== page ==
Tony Blair asked the intelligence services to escalate the investigation into whether David Kelly was the source of the "sexed-up" dossier allegation, the Hutton inquiry was told yesterday.
In a day of extraordinary evidence the inquiry heard how the Whitehall hunt for the source of Andrew Gilligan's reports reached the highest level of government.
It was revealed that the Secretary of State for Defence, Geoff Hoon, had not followed the advice of his most senior civil servant and exposed Dr Kelly to public questioning by the Foreign Affairs Select Committee (FAC) after consulting Downing Street.
The rigour of the Whitehall inquiry was revealed in a letter from the head of the Joint Intelligence Committee, Sir John Scarlett, who demanded Dr Kelly undergo a "security-style interview".
It also emerged that Dr Kelly was being telephoned by Ministry of Defence officials right up until his death, seeking an answer to a question from the MP Andrew Mackinlay, who had described him as "chaff" during the FAC hearing.
The inquiry heard yesterday that with pressure mounting over the failure to find Iraq's alleged weapons of mass destruction, there were frantic efforts in Whitehall to track down the mole who had told Mr Gilligan that Alastair Campbell, the Prime Minister's director of communications, had manipulated last September's dossier.
Dr Kelly, 59, had volunteered to his boss that he had met the BBC journalist at the Charing Cross Hotel in central London. During an interview with Richard Hatfield, the Ministry of Defence's personnel director, the scientist was reprimanded, but told that no further disciplinary action would be taken.
But Mr Scarlett demanded that the inquiries into the scientist should not be halted but instead should be intensified. He wrote to Sir David Omand, Mr Blair's security co-ordinator at the Cabinet Office: "I agree ... that the finger points at DK as Gilligan's source. Kelly need an appropriate security-style interview. I think it is rather urgent."
The Prime Minister's intervention in the affair was disclosed by Martin Howard, deputy chief of Defence Intelligence, who had been told to carry out a further questioning of Dr Kelly. Mr Howard recalled "high-level telephone discussions" between Sir David and Sir Kevin Tebbit, the permanent secretary at the MoD, and "possibly others", and an exchange of letters between the men.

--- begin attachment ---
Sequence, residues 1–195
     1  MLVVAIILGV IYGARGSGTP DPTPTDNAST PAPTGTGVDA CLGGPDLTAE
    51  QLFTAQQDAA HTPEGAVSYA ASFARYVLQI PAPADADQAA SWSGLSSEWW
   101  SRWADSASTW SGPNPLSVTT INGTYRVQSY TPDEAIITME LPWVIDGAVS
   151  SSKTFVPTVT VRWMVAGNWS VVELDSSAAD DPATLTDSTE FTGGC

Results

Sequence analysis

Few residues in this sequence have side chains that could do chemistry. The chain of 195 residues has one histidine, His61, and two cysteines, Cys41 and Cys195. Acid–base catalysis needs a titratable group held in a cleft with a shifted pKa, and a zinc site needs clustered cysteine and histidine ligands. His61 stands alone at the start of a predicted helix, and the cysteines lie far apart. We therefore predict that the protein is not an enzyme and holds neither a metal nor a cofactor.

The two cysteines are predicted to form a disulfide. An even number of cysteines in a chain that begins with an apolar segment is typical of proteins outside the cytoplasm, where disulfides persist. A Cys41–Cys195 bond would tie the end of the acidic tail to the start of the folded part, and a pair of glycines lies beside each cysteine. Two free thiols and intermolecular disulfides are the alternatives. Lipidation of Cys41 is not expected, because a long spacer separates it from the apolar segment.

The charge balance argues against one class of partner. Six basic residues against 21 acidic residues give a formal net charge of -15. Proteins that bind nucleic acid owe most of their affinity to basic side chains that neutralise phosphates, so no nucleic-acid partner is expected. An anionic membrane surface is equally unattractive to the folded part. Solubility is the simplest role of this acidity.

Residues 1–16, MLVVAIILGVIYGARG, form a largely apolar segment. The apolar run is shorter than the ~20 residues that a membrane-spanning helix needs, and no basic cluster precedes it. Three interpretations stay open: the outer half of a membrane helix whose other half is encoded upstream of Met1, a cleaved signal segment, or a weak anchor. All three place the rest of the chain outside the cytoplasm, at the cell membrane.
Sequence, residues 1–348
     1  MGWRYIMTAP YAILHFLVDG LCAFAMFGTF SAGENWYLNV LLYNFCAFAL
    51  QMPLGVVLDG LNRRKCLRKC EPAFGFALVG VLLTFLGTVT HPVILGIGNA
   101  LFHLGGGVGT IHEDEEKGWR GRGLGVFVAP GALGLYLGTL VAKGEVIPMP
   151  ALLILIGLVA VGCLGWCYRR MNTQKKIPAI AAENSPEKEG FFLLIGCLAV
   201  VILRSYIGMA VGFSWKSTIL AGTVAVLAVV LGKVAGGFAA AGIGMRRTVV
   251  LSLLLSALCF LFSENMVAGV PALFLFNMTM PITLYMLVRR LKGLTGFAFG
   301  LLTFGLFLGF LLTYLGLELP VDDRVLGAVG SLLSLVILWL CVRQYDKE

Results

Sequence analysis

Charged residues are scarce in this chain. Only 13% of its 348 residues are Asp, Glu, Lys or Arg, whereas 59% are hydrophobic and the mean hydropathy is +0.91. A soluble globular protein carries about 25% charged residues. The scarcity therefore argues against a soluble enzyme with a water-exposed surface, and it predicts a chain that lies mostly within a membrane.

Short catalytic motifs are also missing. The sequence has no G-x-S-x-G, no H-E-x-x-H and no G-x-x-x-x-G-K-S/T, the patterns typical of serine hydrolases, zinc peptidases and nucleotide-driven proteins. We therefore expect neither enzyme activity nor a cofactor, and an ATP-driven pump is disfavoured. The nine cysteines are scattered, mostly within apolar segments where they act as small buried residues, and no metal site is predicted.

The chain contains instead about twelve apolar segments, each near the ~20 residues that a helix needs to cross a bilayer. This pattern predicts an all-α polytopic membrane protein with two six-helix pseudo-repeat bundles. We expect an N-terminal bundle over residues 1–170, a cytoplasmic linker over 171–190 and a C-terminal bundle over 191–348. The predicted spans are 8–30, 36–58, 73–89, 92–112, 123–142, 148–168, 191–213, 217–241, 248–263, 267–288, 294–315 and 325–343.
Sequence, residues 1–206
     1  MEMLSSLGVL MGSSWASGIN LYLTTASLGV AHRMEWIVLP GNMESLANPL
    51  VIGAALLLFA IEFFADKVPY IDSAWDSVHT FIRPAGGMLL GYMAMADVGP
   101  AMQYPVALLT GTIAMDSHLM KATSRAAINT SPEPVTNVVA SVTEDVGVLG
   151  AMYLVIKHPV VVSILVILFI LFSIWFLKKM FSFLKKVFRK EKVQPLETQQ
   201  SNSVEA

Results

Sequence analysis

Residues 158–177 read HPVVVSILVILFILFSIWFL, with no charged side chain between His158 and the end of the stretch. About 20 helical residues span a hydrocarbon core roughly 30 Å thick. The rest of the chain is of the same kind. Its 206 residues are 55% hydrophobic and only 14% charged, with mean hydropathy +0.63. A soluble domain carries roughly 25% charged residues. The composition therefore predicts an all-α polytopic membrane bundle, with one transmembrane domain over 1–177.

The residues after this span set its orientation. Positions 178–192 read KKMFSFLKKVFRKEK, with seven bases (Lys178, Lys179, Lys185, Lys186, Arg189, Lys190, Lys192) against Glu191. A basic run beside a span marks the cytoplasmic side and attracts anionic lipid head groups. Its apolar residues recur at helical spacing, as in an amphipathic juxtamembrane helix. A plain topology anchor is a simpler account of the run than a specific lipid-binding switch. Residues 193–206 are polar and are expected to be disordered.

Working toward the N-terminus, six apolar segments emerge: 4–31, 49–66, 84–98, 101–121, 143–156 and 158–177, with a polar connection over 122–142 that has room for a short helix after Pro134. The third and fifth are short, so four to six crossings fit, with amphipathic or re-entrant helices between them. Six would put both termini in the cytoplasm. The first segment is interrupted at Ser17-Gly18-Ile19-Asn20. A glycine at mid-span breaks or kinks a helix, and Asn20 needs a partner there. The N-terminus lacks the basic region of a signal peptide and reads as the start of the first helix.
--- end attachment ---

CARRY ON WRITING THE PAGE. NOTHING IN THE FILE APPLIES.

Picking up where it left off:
He continued: "I recall seeing the response from Sir David Omand to Sir Kevin Tebbit which recorded the Prime Minister's views that before we decided what are the next steps that should be taken, it would be sensible to get into a bit more detail into the differences between what Dr Kelly had and Andrew Gilligan had claimed".
The hearing heard that Sir Kevin had tried to protect Dr Kelly from public exposure as a witness in the FAC inquiry into the Government's case for war. Sir Kevin wrote to Mr Hoon advising that he should allow Dr Kelly to appear before the Intelligence and Security Committee (ISC), where the hearings are held in private, but not the FAC. He said: "The FAC have already completed their inquiry ... A separate session to question Dr Kelly would attach disproportionate importance to him in relation to the subject of the FAC's inquiry as a whole ... It is fairer on the man himself not to expect him to appear before two parliamentary committees within two hours. The line may not be sustainable ... But I think it is worth a try at least."
Mr Hoon chose not to follow the advice. His private secretary, Peter Watkins, wrote in a memorandum: "The Defence Secretary has ... concluded that on balance we should agree to the FAC's request ... I understand that No 10 would be content with this approach.
"I am copying this letter to Jonathan Powell and Alastair Campbell (No 10) and to Sir David Omand and John Scarlett (Cabinet Office)."
In a highly unusual move, Mr Howard, the intelligence chief, was put in charge of preparing Dr Kelly for the ISC and FAC hearings. Questioned by James Dingemans QC, counsel for the inquiry, Mr Howard denied that he was briefing the scientist for his appearance. But Mr Dingemans produced a set of minutes for a meeting which stated: "DCDI (deputy chief of Defence Intelligence) will brief David Kelly for the FAC and ISC and will strongly recommend that Kelly is not drawn on his account of the dossier ... Kelly is apparently feeling the pressure and appears not to be handling it well".
Whitehall officials were questioned by Mr Dingemans about why the Ministry of Defence had put out a statement alerting the media that an official had volunteered that he had met Mr Gilligan. Mr Howard indicated to the tribunal that Mr Hoon may have had a part in this. He said: "The overall judgement reached at all levels, from ministers downwards, was that it would be necessary to make the fact that this had happened public."
In a series of hitherto unpublished documents, the inquiry saw how the final versions of the September dossier appeared to have been hardened up from previous drafts. The inquiry also saw instruction to MoD press officers on how to respond to media inquiries about Dr Kelly, and told to confirm the name when it was put to them and play down his seniority.Reuse content